After an entire month, government finally woke up to the reality that the Satellite Bus Rank was not just unpopular with bus operators and owners, it also was an unworkable idea.
It also finally dawned on government that it could no longer just impose this idea on the public simply because it could not allow for the Satellite Bus Rank to be rendered a white elephant.
For this month that the Swaziland Transport and Allied Workers Union has been engaging in a protest action, the public has been left to feel the pain of an uncaring government.
The elderly of this country have been terribly inconvenienced, being made to walk kilometres for transport; young people have also been forced to endure hours of disruptions, these including being made to be late for school and coming home late. All this long, government has been sitting quietly and hoping that the white elephant it financed would eventually be turned to good use.
The irony here is that government is fond of coming up with projects that it dreams up over night and even when it is warned these are bad ideas, they are imposed on the people at a huge expense. The Satellite Bus Rank is one such idea and the sooner that everyone concerned accepts this the better. This would help too to find a common solution—which is not to force people to make it work.
There are other projects too that are a painful reminder of government failing to accept the simple truth that they are an expense to the taxpayer and they will never work. Soon, the Sikhuphe International Airport will resemble one such expensive experiment, and who knows, maybe there will be a protest action there too by airline operators to complain that the airport is not a workable idea.
Be that as it may, the construction at the airport has continued unabated, and there is reason to believe that it is now nearing completion.
As for the Satellite Bus Rank, it does not matter how long the argument over whether or not this is a workable for the operators and the public. The bottom line is that it appears that there was not enough consultation at the initial stages and it is frustrating trying to make it work.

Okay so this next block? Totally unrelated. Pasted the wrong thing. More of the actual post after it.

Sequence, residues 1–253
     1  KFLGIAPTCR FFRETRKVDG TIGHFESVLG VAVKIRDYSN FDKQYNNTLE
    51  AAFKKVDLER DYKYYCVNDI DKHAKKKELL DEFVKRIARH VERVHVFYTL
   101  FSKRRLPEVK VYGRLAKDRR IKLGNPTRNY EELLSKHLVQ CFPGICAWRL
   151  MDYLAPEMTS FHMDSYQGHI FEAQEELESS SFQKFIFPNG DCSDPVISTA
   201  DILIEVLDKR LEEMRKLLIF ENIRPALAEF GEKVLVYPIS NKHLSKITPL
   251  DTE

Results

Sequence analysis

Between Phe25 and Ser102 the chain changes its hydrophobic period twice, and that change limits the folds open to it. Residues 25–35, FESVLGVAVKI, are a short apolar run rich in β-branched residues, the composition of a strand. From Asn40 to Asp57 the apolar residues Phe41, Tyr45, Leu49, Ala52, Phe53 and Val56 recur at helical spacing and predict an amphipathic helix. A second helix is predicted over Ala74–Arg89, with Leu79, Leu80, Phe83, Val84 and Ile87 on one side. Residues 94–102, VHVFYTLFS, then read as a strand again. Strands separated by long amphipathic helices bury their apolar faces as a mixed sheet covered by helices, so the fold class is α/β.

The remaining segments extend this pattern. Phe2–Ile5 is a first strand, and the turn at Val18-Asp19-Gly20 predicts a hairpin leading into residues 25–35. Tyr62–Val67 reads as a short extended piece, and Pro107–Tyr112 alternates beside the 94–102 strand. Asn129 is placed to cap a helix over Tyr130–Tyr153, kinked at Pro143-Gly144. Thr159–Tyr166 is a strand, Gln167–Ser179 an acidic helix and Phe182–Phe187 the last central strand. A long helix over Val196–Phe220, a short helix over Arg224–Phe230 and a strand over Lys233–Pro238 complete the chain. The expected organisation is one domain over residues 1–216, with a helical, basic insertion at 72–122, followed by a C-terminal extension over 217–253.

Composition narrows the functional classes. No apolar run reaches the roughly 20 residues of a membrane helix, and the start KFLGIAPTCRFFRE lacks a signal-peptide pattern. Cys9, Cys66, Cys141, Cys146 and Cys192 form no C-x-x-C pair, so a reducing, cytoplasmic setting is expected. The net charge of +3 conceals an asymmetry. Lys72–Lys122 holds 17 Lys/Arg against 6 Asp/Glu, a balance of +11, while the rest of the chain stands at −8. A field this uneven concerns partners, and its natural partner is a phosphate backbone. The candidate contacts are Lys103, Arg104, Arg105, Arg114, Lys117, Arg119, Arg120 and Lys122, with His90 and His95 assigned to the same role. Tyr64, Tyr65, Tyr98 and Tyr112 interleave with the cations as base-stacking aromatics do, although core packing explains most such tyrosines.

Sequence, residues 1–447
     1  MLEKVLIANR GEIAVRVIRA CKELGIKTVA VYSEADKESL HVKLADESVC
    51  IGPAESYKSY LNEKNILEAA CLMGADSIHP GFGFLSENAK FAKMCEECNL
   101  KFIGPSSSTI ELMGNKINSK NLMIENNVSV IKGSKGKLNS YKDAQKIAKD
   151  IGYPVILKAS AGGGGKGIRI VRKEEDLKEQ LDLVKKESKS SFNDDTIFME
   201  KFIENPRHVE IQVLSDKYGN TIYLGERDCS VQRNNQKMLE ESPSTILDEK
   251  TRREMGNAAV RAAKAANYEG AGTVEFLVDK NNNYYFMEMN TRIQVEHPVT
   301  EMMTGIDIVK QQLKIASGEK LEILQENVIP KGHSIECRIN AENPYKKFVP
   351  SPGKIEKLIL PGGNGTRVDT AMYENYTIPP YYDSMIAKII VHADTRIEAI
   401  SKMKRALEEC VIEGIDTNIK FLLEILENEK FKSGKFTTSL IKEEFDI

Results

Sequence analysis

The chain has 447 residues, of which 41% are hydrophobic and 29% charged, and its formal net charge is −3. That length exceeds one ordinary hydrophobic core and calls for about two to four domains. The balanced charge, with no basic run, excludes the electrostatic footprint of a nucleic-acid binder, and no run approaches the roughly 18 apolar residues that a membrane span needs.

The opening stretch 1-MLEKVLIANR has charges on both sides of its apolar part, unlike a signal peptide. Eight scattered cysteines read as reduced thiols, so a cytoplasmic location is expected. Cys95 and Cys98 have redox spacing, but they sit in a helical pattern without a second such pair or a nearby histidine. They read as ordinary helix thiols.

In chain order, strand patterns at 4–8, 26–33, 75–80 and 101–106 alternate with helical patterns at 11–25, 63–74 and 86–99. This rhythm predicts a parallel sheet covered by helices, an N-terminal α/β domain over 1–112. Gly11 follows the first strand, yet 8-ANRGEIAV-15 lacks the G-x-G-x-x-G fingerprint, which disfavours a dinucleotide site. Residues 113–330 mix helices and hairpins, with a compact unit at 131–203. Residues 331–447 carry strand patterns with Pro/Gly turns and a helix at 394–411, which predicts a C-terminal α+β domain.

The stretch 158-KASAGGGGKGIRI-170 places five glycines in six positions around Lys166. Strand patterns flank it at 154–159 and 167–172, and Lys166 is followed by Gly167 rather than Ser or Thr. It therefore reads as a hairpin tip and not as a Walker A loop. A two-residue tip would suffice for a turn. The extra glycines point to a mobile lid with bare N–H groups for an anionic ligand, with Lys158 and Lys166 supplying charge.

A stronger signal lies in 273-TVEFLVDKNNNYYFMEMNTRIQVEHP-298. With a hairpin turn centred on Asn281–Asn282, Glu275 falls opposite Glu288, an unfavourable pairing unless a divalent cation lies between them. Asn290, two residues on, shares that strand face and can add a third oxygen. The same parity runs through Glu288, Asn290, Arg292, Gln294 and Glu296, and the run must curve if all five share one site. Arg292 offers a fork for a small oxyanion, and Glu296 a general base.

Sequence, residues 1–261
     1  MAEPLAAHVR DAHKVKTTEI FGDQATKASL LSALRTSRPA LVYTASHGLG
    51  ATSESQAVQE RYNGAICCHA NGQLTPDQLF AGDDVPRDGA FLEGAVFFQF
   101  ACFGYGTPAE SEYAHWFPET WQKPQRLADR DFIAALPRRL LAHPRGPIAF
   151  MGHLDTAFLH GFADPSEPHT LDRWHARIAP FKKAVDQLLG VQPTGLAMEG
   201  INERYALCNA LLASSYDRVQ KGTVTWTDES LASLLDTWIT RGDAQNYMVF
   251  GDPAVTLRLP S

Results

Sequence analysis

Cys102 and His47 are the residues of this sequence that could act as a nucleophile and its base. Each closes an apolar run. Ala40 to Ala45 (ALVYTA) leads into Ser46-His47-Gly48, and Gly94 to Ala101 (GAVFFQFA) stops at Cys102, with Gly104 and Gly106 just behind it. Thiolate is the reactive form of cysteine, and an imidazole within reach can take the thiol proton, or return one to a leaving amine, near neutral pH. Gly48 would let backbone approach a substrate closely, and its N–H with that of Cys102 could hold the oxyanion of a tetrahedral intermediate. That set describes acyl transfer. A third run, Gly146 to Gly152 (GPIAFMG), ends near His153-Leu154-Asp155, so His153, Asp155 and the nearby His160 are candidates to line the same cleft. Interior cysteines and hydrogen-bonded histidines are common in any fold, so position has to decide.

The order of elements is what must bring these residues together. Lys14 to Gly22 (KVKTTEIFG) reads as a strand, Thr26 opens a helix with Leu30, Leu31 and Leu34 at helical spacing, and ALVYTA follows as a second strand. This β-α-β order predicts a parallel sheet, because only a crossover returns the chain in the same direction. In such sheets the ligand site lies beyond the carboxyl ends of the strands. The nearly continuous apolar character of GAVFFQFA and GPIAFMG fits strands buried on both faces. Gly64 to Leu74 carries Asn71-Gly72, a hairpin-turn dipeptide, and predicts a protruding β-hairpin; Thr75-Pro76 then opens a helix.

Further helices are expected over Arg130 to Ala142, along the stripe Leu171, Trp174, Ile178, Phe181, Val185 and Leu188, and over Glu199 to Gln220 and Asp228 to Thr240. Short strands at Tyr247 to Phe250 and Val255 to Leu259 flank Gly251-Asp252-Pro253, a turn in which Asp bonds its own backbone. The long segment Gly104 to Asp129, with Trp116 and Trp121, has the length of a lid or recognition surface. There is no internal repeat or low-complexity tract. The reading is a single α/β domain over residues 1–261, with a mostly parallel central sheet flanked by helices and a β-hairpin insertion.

The next logical thing to do is to abandon it, and try to find an alternative. Sadly, even though government has now come up with a Forum, for whatever reason, it seems we are not learning from the previous mistake of not trying to force this thing to work.
The Forum can only do better to find a workable solution, and this not just limited to the Satellite Bus Rank.
Common sense 2
Without sounding insensitive to the Dlamini family, who kept their daughter unburied for three full weeks in the hope that she would come back to life, it was clear from the onset that she was dead. Celiwe Dlamini can now finally rest in peace.
She was laid to rest on Wednesday at the Manzini Cemetery, even then after being prayed for by a pastor from Botswana.
The miracle the family was waiting for, that she would be prayed for and come back to life, was not to be.
Once the doctors had pronounced her dead, medically, all that the family needed to do was not to hang on to the hope for a miracle, but accept that she had gone on to be with the Lord—and that she needed her peace.
The family has put itself under unnecessary pain and while it is admirable their belief in the power of the prayer and their faith in God, refusing to bury her was selfish on the part of the family.
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